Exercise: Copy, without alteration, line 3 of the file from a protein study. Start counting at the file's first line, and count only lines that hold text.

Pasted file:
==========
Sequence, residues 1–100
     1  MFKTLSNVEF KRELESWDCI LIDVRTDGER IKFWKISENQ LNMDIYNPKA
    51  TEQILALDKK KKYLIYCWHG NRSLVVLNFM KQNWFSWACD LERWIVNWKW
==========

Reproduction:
    51  TEQILALDKK KKYLIYCWHG NRSLVVLNFM KQNWFSWACD LERWIVNWKW